Several developing countries stated, given there is no agreement on the agenda, they did not agree with the consultations.
Several developed and developing countries suggested a CMA decision on this item could welcome the start of the work programme and the organization of the first global dialogue and investment-focused event. Several stressed the importance of clear framing for further events, with some calling for regional events, while others said all work programme events should be inclusive.
The Co-Facilitators noted there was no consensus on the way forward.
Mandated Events and Other Sessions
Second Glasgow Dialogue on loss and damage: Participants reported on discussions held during the previous day’s breakout group session. They emphasized funding windows and triggers that ensure timely and effective support across all phases of loss and damage, from preparedness and immediate responses to events, to recovery and rehabilitation phases. At the same time, they noted these phases are interconnected and strong preparedness supports effective immediate responses and longer-term recovery efforts. Participants also discussed the unique funding challenges presented by non-economic losses, which are by their nature difficult to assign a cost to. Another area of broad agreement concerned the need for direct local access to funds, as well as to grant-based funding that does not increase debt.
In the subsequent discussion, the UN OFFICE FOR THE COORDINATION OF HUMANITARIAN AFFAIRS (UNOCHA) highlighted the importance of coordination to avoid “lost time and more work for overstretched aid workers.” The UN OFFICE FOR DISASTER RISK REDUCTION (UNDRR) urged, among others, a layered approach to funding, with each layer supported by a specific funding instrument, and the right evidence base and data to quantify loss and damage. The SOLOMON ISLANDS called for the fund to respond to ocean-based loss and damage. ECUADOR stressed the fund should be standalone, rather than inserted into existing mechanisms. ETHIOPIA supported separate windows for rapid response, reconstruction, and slow-onset events, noting the need for flexibility in categorizing events.
Third meeting of the technical dialogue under the first Global Stocktake: Harald Winkler (South Africa) and Farhan Akthar (US) co-chaired the roundtable on integrated and holistic approaches.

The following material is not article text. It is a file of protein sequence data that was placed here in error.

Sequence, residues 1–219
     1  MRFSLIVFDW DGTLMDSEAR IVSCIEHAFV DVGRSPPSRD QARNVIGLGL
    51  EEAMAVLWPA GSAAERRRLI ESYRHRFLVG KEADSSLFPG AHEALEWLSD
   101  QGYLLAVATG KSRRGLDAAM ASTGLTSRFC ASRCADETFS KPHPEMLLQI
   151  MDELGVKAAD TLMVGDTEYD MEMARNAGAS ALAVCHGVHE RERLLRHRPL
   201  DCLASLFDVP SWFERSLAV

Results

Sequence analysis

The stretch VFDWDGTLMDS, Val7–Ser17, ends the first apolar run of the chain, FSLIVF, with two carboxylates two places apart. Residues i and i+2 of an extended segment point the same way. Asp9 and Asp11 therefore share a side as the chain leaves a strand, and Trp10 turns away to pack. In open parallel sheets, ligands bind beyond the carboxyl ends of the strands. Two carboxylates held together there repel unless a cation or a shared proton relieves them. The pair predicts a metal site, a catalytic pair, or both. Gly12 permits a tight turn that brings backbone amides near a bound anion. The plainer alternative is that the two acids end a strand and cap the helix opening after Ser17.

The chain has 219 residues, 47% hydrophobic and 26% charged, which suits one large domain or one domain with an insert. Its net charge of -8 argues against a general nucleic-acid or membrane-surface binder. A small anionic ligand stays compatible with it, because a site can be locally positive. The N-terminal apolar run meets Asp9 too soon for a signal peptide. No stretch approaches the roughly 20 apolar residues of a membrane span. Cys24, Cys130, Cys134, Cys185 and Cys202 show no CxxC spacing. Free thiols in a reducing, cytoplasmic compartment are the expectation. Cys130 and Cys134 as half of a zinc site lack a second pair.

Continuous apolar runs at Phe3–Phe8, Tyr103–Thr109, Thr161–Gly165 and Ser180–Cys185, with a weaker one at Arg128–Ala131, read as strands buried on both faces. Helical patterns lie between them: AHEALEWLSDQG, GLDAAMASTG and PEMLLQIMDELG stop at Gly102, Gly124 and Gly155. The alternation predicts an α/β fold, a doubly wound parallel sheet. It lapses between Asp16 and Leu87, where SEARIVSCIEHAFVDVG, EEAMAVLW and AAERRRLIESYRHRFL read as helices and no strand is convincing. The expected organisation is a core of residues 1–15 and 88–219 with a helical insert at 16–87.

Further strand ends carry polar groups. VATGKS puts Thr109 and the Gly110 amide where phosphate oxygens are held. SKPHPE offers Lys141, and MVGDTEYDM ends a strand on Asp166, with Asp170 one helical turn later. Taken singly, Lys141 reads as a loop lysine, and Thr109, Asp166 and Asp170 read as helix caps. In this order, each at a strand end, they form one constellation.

Many developing countries discussed ways in which the global architecture is unjust and emphasized the need for policy space to achieve their national development goals. Speakers emphasized the importance of this discussion given the need to act systemically and to collectively move to a new paradigm.
Several speakers emphasized the need for climate-resilient development aligned with the Sustainable Development Goals (SDGs). Some speakers called for ensuring human rights, public participation, and intergenerational equity in implementing the Paris Agreement, including the new NDCs. Linkages with biodiversity, water, and the ocean were highlighted.
Among other actions, speakers called for: phasing out fossil fuel subsidies; recognizing the implications of some taxation and trade policies for food security and development needs in other countries; and adopting whole-of-society approaches.
Executive Secretary meeting with observers: Executive Secretary Simon Stiell shared reflections on ongoing Secretariat-led work on strengthening observer engagement in the UNFCCC process, noting enhanced consideration of the needs of persons with disabilities in site design and pointing to capacity building for youth delegates. He highlighted measures aimed at addressing conflicts of interest, underscoring participant lists will now feature information on all badge types. He said participants will be asked to specify their organizational affiliation and opting-out thereof will be noted on the lists. Observers welcomed increased transparency as a valuable first step. They called for clear guidance on legitimate reasons for opting out, noting it should be limited to security considerations. Observers also called for having participants disclose their financial sponsorship, with exceptions for at-risk communities. Executive Secretary Stiell welcomed these remarks, noting ongoing discussions on sponsorship declarations.
Stakeholder consultations on the Sharm el-Sheikh dialogue on the scope of Article 2.1.c of the Paris Agreement (aligning finance flows) and its complementarity with Article 9 (climate finance): Tosi Mpanu Mpanu (Democratic Republic of the Congo), Facilitator of the dialogue in 2023, invited stakeholders’ perspective on the matter with a view to inform the organization of two workshops to be held in 2023.
Speakers emphasized the importance of redirecting finance flows while scaling up the provision of climate finance by developed countries. They pointed to developments such as: discussions on reforming multilateral development banks, the use of debt swaps, and the reallocation of special drawing rights; the UN Secretary-General’s initiative on net-zero accountability; and increasing investments in clean energy.
Other points related to, among others: the role of data to reduce uncertainty and foster investment in emerging markets; linkages to discussions on just transition; and hidden subsidies in the form of wealth capture by the Global North, women’s unpaid care work, and Indigenous Peoples’ stewardship in biodiversity conservation.
In the Corridors
Rumor has it, it is “global wellness day” somewhere in the outside world, noted a delegate prepared to spend a sunny Saturday indoors at the World Convention Center. “World weariness day, really…” quipped another, pointing to the perduring disagreement over the meeting’s agenda.
The day’s discussions underscored how strenuous the split is that delegates are maneuvering: in some rooms they are taking stock of collective progress in implementing the Paris Agreement; in others, especially those related to reviewing constituted bodies’ progress, it seems the Agreement is still fighting for its place.
“When you listen to these statements, do you ever lose the will to live?” sighed a seasoned observer, frustrated about the slow pace of the process amid incoming news of temperature and fire records. With many delegates out of steam, a walk along the Rhine during the Sunday break might be the wellness day everyone needs to turn things around.